MANAGING LATENCY IN AUDIO For recording audio, you have to have a audio mixer. Be sure to turn Input Monitoring off: Options>AudioOptions>InputMonitoringTab>be sure nothing is highlighted. Your mixer has to have at least 2 busses. Run your Computer's headphone out into your mixer buss A stereo input. That way you can hear you the instruments in Sonar that you want to play in time to. Run your Instument/Vocal/Keyboard/WhatHaveYou into the mixer Main buss. Set the headphone output to hear both busses and run only the main buss back to the Computer line in. Caution, if you run buss A as well into the Computer, you will set up a feedback loop. Now you hear your recording track real-time and Sonar's playback tracks real-time.
When you do recordings you will find that still there are time shifts between the tracks. The remedy is to look at piano roll view and line the track up at the downbeat use the Process>Slide feature. Or use your ear. A few ticks left or right. Note that if you don't leave an empty measure or two at the beginning, Sonar will not move your track left. There is nowhere for it to go. I have 3 different onboard synthesizers and I find that they have different latencies so if I use a piano sound from one and I decide to switch to the piano sound of the other, I have to do the tick-shift boogie each time.
Actually I am saving up my pennies to buy some kind of external sound card. Maybe something w/firewire (USB1 is too slow for multiple tracks simultaneously) or PCMCIA. Still for us Laptop folks, there is not too much to pick from. And it is still big-bucks-bolero. USB2 looks promising, but nobody is using yet hardly. My Toshiba only has USB1 anyway, but I have firewire.
If anyone out there in WebLand reads this and has some suggestions or corrections, please drop me a line. If, Carl, you run onto some kind of info on this deep-voodoo part of the disk-recording scene, let me know.
Hare Krishna, and have a good one.

Sincerely,

Chandra Shekhara Swami

[mailto:chandraswami108@hotmail.com]
Chandra Swami
 

Re: Sonar and Yamaha AC-XG Chip

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Postby andychap » Fri Sep 26, 2003 10:44 am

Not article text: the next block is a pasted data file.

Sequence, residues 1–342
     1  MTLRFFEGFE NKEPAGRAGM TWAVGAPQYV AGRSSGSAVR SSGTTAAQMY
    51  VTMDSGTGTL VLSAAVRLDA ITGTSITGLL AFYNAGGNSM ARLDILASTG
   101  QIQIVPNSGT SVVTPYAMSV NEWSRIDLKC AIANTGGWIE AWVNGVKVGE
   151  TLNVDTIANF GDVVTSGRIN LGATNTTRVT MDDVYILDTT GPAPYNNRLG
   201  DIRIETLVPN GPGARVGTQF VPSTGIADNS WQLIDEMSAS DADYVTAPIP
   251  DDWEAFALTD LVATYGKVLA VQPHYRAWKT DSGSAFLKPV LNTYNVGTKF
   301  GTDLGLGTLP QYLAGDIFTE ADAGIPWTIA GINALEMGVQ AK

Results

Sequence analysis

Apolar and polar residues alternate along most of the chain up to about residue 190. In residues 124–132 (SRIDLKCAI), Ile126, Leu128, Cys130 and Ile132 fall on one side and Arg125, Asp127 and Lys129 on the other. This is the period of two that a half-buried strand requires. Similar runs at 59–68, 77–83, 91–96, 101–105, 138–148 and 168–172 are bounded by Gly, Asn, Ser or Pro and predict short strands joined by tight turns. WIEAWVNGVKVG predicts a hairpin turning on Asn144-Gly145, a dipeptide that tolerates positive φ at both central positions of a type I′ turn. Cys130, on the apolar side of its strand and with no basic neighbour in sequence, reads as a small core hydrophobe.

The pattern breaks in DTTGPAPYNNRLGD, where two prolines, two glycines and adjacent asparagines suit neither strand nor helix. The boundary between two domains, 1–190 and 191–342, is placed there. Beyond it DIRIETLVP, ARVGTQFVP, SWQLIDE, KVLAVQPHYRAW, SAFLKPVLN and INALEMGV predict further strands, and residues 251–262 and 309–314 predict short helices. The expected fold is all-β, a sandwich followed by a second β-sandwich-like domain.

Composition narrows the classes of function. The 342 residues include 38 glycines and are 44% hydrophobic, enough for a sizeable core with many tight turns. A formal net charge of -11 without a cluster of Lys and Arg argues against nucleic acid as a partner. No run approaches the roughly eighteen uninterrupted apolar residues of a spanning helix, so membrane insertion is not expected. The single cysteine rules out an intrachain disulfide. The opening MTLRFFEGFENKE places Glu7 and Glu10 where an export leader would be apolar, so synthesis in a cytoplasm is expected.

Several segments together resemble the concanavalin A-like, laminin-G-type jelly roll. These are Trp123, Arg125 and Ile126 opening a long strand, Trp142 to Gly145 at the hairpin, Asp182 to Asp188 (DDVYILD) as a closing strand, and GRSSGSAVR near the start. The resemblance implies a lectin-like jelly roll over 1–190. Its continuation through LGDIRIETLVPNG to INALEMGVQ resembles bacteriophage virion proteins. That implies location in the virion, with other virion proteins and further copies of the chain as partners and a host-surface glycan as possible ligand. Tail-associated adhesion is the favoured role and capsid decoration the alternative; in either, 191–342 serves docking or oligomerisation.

Hi Chandra,

As far as I am aware WDM drivers were originally produced to compete with the ASIO standard. They were at the time far superior to the standard VXD drivers that came with many soundcards. I believe VXD drivers eat up resources and also cause a lot of conflicts with some of the features that microsoft were trying to install in there windows OS.

Because Microsoft then used WDM as the main driver supported in XP in order to reduce the amount of VXD drivers produced, many manufacturers had to create WDM drivers for there products or they would not be approved by Microsoft. These drivers are generally no better than the VXD ones and in somecases worse.

To give an example of this. The SB live card, WDM drivers were never officially produced for this card but are available unsigned on the net. When the MME box is checked there is no noticable difference in the latency settings but without the box checked the recording sounds rubbish. With the MME box checked you get 1 stereo out without the box checked you get three stereo outs ie front speakers, rear speaker, and SPDIF digital.

So what are the benefits. Have the box checked when recording and staying within the digital domain ie burning to CD. However once you have finished recording your tracks individually you might want to output them to an external device through a mixer. Unchecking the box would efectively give you 4 mono analogue outs and one stereo digital out.

The sound chip that you have in your computer is on board the motherboard and unfortunely is a low end user card so the WDM driver are just for compliance with Microsoft. If you go up the scale to the high end user cards you will find that much more effort is put into the creation of the WDM drivers and they will give much improved performance and features.

Cakewalk is recognising you sound chips WDM drivers it's just that they are not that good. You can check the MME box and then adjust the drivers buffer settings on the last page of the audio options. Keep lowering the figures in the boxes until you get the balance between latency and quality as best you can.

All the above is what I understand to be the case. I would like to hear if anyone knows any different.

Andy
andychap